Who Ruined the Board Games of My Childhood?

A friend of mine had a fascinating piece of history: It was a version of the board game Monopoly that was created in a Japanese concentration camp during World War II. You see, his father had been a Dutch colonial in Asia, and during the war he spent several years of his childhood interred in a Japanese camp. 

If you've seen any movies or read any books about Japanese camps, they were no joke. Plenty of people died of disease or malnourishment in that environment. It could be, literally, one of the worst places imaginable. All of this makes the very existence of a hand-made version of Monopoly something of an amazement. I never did get to see the thing, but the story of it fascinated me. I imagined all the work that must have gone into its creation, from hand-carved tokens and hotels to all the pieces of scrip and property cards, all the rules and restrictions and numbers that would have to be recalled from memory.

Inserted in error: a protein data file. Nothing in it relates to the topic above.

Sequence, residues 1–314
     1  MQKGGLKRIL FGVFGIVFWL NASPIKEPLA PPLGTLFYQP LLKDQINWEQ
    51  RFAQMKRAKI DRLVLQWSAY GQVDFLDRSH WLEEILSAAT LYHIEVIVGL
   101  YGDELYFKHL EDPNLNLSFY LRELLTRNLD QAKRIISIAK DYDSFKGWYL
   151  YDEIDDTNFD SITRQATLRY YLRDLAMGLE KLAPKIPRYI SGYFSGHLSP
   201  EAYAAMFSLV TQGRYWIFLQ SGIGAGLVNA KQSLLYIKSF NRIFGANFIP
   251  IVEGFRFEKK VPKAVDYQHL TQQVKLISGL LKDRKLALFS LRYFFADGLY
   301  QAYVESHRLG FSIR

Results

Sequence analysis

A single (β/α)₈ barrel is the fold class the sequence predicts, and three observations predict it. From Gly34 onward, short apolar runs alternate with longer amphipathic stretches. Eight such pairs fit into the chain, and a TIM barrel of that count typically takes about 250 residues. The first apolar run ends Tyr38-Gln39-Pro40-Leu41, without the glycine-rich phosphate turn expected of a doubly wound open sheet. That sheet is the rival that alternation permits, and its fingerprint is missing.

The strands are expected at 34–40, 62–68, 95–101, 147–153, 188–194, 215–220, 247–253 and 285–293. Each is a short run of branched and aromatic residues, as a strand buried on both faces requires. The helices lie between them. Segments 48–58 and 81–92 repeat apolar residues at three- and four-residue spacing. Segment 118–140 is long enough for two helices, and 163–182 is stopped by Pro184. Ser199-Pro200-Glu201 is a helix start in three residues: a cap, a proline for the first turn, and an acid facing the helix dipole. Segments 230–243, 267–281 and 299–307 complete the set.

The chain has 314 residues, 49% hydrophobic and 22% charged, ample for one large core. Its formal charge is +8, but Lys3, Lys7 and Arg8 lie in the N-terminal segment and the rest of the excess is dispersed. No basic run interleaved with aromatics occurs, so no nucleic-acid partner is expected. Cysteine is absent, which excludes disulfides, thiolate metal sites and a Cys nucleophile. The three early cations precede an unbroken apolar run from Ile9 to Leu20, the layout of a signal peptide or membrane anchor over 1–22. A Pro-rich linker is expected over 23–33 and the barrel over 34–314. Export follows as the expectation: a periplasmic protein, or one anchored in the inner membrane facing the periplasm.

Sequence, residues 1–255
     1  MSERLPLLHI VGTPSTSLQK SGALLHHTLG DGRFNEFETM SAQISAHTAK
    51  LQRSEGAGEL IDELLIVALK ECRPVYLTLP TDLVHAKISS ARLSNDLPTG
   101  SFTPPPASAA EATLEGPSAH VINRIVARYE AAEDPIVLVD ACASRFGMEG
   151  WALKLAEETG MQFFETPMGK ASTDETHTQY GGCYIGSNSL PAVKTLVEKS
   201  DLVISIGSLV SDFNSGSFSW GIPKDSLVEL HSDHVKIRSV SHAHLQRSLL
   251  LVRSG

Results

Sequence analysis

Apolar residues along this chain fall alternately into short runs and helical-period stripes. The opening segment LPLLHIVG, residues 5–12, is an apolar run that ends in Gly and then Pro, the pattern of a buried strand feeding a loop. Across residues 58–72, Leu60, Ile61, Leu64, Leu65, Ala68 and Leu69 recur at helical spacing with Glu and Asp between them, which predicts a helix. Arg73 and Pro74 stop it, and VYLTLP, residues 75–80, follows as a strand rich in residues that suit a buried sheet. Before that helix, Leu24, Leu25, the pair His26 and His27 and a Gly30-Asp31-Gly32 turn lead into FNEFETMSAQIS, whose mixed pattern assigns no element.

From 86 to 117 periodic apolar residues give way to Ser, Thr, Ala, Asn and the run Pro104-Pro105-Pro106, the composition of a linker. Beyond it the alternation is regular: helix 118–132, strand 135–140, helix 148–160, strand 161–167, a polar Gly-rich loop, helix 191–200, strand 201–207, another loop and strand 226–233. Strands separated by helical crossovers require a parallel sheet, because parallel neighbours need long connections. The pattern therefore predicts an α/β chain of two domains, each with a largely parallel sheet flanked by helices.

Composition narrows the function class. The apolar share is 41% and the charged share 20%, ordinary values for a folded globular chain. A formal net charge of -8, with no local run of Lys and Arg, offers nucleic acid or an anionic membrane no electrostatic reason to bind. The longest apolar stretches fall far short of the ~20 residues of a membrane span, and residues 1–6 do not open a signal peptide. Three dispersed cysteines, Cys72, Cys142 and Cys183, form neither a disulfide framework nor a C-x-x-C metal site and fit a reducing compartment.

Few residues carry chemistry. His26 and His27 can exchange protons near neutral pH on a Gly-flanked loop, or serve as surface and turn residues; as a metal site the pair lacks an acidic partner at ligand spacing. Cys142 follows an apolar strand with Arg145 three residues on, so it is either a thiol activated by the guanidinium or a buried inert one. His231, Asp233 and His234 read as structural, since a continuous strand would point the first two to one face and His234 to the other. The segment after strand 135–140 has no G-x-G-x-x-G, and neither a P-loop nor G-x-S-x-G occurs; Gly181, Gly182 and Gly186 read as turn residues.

Another thing that struck me was that, after the my friend's father was freed and grew up, and became a lifelong socialist, he never discarded the board game. Why would a socialist lovingly cling to a game that exhibits laissez-faire capitalism? It seemed to go beyond sentimentality.

That is, unless you consider Monopoly to be a sort of satire of capitalism, a game where everybody is a loser except for one person who's left holding all the property and money. In that sense, maybe a socialist could embrace the game as a playful indictment of the rampant free market.

Looking back on the games of my youth, I begin to see that there were subtle elements of satire underneath it all, a sort of sly acknowledgement that, in chasing after the chips, the ruling class was greedy, shallow, empty, moneygrubbing, and foolish.